As you roll out the grill on this Labor Day holiday, don’t forget to say a silent prayer on behalf of the more than 40 million Americans who currently serve as unpaid caregivers to adults ages 65 and older in the United States. These are spouses, daughters, sons, and grandchildren working in obscurity, their contributions unseen, their burdens hidden.
Jason A. Penrod, founder of Family Elder Law, a Life Care Planning Law Firm in Central Florida, has worked with hundreds of family caregivers providing heroic services for their loved ones. A few stories stand out.
One involved a man named Ray, a man serving as the primary caregiver for his mother-in-law and his wife, both of whom were suffering from dementia. Ray cared for them both at home over a period of six years, but eventually ended up placing them both in a nursing home. He did so reluctantly. “Ray did the very best he could for as long as he could,” Jason remembers. “He loved and honored his wife, and he did his best for his mother-in-law as a way to really cherish his wife. And at one point, Ray’s wife and his mother-in-law were both in the same nursing home and he would spend all day with them, joining them for meals, attending care meetings, and making sure they both had adequate attention. He was just a great man.”
Caregivers like Ray often don’t see their contributions as anything special. They’re just doing what family members do for each other.
Another memorable case for Jason involved Theresa, a woman dealing with her own cancer treatment on top of caring for her elderly parents. Her father suffered from colon cancer and had heart issues that prevented him from being able to care for himself. Her mother had advanced dementia. “It was a beautiful testimony to how strong of a person Theresa was and what a good daughter she was to honor her parents,” Jason recalls. “Here she was, going through her own chemo while trying to figure out how to provide long-term care for her parents after they were both hospitalized at the same time. Miraculously, she was able to provide the type of care that was needed despite being under tremendous mental, emotional, and physical stress.”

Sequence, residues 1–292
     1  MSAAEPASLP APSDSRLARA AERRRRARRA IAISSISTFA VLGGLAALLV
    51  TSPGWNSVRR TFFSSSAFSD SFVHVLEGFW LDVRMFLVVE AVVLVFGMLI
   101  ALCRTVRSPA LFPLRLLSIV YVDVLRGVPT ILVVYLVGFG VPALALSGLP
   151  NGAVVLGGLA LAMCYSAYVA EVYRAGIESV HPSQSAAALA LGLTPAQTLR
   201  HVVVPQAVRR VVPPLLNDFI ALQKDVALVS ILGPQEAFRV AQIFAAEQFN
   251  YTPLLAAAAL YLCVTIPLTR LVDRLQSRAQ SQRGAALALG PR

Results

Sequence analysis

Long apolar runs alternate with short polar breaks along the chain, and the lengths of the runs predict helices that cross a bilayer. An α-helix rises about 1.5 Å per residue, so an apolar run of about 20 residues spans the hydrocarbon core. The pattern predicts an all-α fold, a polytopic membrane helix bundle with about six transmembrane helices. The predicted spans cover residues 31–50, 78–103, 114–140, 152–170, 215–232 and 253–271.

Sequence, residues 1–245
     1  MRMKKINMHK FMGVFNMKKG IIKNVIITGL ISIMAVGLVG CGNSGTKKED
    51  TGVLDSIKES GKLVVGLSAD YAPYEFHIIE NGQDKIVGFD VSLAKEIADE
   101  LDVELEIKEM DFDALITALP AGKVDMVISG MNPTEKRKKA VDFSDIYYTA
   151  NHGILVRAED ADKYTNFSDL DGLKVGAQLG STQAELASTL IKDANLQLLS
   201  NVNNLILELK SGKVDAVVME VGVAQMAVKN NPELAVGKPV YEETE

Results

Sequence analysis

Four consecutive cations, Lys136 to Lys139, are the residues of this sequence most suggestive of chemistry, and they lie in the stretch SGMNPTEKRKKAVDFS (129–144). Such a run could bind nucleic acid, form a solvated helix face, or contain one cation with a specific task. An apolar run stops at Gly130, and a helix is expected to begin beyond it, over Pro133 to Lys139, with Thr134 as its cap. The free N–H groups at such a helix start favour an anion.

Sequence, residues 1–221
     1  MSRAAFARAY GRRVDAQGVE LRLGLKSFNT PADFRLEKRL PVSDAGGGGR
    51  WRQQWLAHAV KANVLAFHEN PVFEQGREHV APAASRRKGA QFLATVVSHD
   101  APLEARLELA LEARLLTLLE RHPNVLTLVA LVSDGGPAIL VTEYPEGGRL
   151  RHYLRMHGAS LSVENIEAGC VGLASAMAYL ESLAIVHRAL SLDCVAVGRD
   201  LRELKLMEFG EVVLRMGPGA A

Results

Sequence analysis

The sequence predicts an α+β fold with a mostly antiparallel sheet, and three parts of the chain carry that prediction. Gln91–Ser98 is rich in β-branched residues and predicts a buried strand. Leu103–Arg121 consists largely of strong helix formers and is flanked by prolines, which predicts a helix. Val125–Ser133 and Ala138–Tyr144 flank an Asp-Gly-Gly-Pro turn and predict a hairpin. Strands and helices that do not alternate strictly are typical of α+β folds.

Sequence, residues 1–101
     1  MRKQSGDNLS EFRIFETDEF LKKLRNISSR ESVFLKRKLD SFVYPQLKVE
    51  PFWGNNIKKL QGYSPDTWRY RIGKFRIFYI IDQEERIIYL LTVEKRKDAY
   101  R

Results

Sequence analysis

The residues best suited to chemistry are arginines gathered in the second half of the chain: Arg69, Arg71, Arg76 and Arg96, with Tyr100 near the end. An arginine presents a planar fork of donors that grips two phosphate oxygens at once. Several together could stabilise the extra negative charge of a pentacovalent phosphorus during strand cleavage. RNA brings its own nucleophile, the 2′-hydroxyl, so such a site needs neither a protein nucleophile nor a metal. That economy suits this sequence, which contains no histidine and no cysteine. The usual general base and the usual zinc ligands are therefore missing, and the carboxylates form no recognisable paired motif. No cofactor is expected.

For Jason, family caregivers are the unsung heroes of our society. He considers it a great privilege to walk alongside them during their elder care journey. Another memorable case involved three adult children who were taking care of their mom. They each took eight-hour shifts, despite working full-time jobs of their own and each having their own families. “You hear stories about selfish kids who abandon their elderly relatives,” says Jason, “but I'm here to testify that there are many amazing children who would do anything for their parents. They continue to do it despite difficult circumstances and competing priorities.”
Jason is especially impressed with members of the Sandwich Generation, people caring for elderly parents and dependent children at the same time. “What an amazing group of people they are,” Jason adds. “They are glad to provide that honor and care to their loved ones. They're just trying to be good sons and daughters.”
This Labor Day, why not take a moment to express your gratitude to people you know who are caring for elderly loved ones? Though their labor is often invisible, their efforts mean the world to those receiving their care. “Most family caregivers aren’t interested in recognition and they don’t ask for any,” Jason adds. “They’re doing it out of love.”